If you don’t have any problem with larger crowds, or if you otherwise enjoy socialising and meeting new people, you could always go the French Way or the Portuguese Way. No matter the time of the year, they get plenty of traffic for several reasons. TheseCaminoss are well-marked, so there’s barely any chance for you to get lost here. Restaurants and villages are evenly spaced, and there will always be a place for you stop and refresh every 3 to 5 kilometers. The French Way is best route for first-time pilgrims, since information and commercial transports are more readily available. The route also passes by large towns with health care services, should you need any medical assistance.
Camino Primitivo, although less frequented, is popular in its own right. It is the Original Way – the route taken by the first pilgrims of Santiago de Compostela. For pilgrims who prefer cycling to walking, it is best to avoid the French Way. Portugués da Costa (The Portuguese Coastal Way) and Camino del Norte (the Northern Way) are perfect for these activities, especially during the summer months.
Via de la Plata and Camino de Invierno are the two least popular routes, and there aren’t very many pilgrims around these places. Thus, they are the perfect Camino routes for people wanting an off the beaten track experience, or prefer traveling with fewer pilgrims.
Time of the Year
Many pilgrims wonder when is the best (and worst) time to travel to Santiago de Compostela and which route they should take. Generally, the crowds and weather are more forgiving during April, May, June, and September. Routes wouldn’t be as busy as with the summer months, and the climate will be warm or hot – which makes for much better walking than the cold. February, March, and October are still good months to walk though you would have to prepare for the rainy weather.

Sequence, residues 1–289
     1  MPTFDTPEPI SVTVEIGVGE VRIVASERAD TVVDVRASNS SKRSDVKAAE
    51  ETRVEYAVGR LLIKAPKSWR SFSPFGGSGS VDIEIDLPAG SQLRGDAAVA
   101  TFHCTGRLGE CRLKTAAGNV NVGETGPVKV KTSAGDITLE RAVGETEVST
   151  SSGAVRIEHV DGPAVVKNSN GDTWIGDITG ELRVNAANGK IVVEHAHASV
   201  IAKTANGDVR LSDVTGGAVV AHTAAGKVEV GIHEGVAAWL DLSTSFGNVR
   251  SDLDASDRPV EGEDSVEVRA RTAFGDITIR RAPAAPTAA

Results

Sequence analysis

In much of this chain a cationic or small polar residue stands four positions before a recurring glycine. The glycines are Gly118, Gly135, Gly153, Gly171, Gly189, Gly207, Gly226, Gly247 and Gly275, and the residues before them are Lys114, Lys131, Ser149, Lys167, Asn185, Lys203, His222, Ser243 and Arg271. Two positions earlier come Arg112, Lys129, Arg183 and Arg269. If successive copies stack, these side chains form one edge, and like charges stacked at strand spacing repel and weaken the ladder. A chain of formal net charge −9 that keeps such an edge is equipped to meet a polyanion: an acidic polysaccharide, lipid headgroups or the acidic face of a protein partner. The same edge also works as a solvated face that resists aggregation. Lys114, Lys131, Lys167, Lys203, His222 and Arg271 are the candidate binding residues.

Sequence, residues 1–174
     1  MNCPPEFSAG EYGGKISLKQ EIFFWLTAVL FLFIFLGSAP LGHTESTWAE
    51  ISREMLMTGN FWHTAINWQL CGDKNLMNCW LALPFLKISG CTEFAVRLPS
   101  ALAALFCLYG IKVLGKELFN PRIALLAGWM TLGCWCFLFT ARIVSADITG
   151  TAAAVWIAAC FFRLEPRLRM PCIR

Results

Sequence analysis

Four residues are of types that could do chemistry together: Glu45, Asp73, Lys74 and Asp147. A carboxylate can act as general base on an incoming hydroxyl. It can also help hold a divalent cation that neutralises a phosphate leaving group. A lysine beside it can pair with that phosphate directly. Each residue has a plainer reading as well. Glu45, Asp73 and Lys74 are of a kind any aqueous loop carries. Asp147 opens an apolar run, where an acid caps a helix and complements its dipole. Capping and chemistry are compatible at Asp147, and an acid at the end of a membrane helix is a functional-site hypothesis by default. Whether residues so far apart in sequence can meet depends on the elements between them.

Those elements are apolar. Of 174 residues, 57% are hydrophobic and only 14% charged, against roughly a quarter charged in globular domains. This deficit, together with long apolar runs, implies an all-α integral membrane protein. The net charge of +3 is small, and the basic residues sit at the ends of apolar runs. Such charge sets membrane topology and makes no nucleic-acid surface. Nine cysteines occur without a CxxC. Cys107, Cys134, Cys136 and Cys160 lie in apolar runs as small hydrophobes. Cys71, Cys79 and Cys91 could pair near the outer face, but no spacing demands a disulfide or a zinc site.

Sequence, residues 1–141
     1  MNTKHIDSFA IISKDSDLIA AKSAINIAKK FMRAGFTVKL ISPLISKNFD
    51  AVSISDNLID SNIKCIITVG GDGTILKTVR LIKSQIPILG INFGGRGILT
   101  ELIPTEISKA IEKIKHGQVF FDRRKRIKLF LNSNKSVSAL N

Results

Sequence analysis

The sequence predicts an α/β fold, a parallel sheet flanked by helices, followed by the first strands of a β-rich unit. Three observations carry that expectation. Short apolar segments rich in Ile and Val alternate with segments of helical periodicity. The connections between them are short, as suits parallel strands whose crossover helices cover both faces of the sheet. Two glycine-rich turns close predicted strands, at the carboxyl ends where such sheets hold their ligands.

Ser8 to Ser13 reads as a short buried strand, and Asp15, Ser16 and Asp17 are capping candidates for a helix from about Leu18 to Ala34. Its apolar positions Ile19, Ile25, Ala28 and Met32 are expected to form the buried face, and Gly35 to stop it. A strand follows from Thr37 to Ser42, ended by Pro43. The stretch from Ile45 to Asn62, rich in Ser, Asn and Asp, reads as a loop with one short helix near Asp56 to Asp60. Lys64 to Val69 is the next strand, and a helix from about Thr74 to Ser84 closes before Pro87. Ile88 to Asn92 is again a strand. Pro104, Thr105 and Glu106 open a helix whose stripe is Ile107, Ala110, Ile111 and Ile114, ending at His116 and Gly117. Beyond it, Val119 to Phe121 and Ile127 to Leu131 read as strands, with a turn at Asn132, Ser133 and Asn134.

January and December are the worst times to travel in terms of weather since it will be winter in Spain. July and August are not good months either. These are the peak months and, therefore the busiest. Booking tickets and hotels will be more difficult, and the more popular routes will be too crowded.
Finally, if you choose a Camino de Santiago route that best suits you, you should never forget to factor in the attractions. Santiago de Compostela may be a wonderful destination at the end of your journey, but that doesn’t mean you should miss out on tourist attractions along the way.
Chemin de Paris in France is especially popular among tourists. On the other hand, Portugal provides stunning views of the coast with Camino Portugués da Costa.
By now, you already know how to choose the best Camino de Santiago route for you. It really depends on a lot of factors – such as the distance needed to be traveled, your physical ability, the people coming with you on the pilgrimage, the popularity of the place, the time of year, and the attractions you’ll be seeing. Ultimately, the route you choose will decide how great your experience will be.
I love hiking, backpacking, and camping. From the Camino de Santiago to the West Highland Way in Scotland or simply a great day hike on the weekend. Hiking refreshes me, my mind, and keeps my body reasonably fit. So far I have walked three Camino routes and many other long distance hikes in the UK, Canada, and around the rest of Europe. One of the best was my hike up Ben Nevis.